Portfolio Allocation Monkey Business
I am continually mystified about how some professionals look at allocating retirement funds. In 1994, a system was created that became the industry standard regarding how to blend bond and stock percentages. The concept was simple, take 4% of the entire retirement account value annually and you will never run out of retirement income funds. That seemed simple enough except when unknown events occur, the percentage may need to be changed. In other words, 4% is no longer the gold standard, it now is an even lower number.
What gets me is why? Why would anyone go to the trouble of worrying about an unknown and non-guaranteed factor? I mean so many things can cause an interruption. The Credit Swap Mess in 2008, war, very low interest from the Federal Reserve, and now the worst of all: Inflation.
Stocks and Treasuries began to tumble with the new Federal Reserve Rate increasing and a pretense to lowering inflation. Now add the rethinking of the long-respected blend of stock and bonds allocation of 60/40 tumbling down thanks to the Federal Reserve’s policy direction. The long-accepted method of allocating 60% to equities and 40% to fixed income has dropped about 14% in value so far this quarter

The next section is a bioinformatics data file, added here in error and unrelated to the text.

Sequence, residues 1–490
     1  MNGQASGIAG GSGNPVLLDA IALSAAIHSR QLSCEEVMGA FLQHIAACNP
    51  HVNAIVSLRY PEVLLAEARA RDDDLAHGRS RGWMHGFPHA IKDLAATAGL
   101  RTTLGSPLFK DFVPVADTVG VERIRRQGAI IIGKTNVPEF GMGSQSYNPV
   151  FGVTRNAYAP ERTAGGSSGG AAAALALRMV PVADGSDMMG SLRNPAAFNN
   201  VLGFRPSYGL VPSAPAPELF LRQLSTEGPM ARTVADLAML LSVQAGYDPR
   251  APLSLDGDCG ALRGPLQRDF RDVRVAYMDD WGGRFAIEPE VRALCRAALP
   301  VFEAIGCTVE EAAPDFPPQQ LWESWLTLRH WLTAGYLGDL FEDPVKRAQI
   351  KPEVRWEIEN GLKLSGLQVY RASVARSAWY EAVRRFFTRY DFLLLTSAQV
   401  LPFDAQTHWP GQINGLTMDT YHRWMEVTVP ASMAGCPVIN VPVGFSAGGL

Wall Street pros, (are there really any of them) still cannot agree on what to do and how to design a system that guarantees retirement income. Of course, we all know there is a system available, but these experts will not allow it to happen in their world. The answer is simple, use a guaranteed annuity to offset concern over asset allocation.
One has to wonder why Wall Street is so dead set against these amazing, guaranteed products. I know the answer, for Wall Street to grow and be successful, they need one thing to always be happening: Money in motion. When that happens there are opportunities to make money, once retirement funds are snuggled away in a guaranteed income annuity, it is out of their grasp.
Think about it this way. A guaranteed annuity can provide income for any period of time and both spouses can be included. If they live a long and happy life, it is a winner. If they die prematurely, the unused portion is passed to their named beneficiary. How simple is that?
Outsource the allocation decisions to the insurance company, take your hard-earned retirement funds and guarantee them.
Anyway, this is my idea of simplifying a very hard topic – simplify and sleep well at night. Let the Wall Street folks fight over someone else’s money.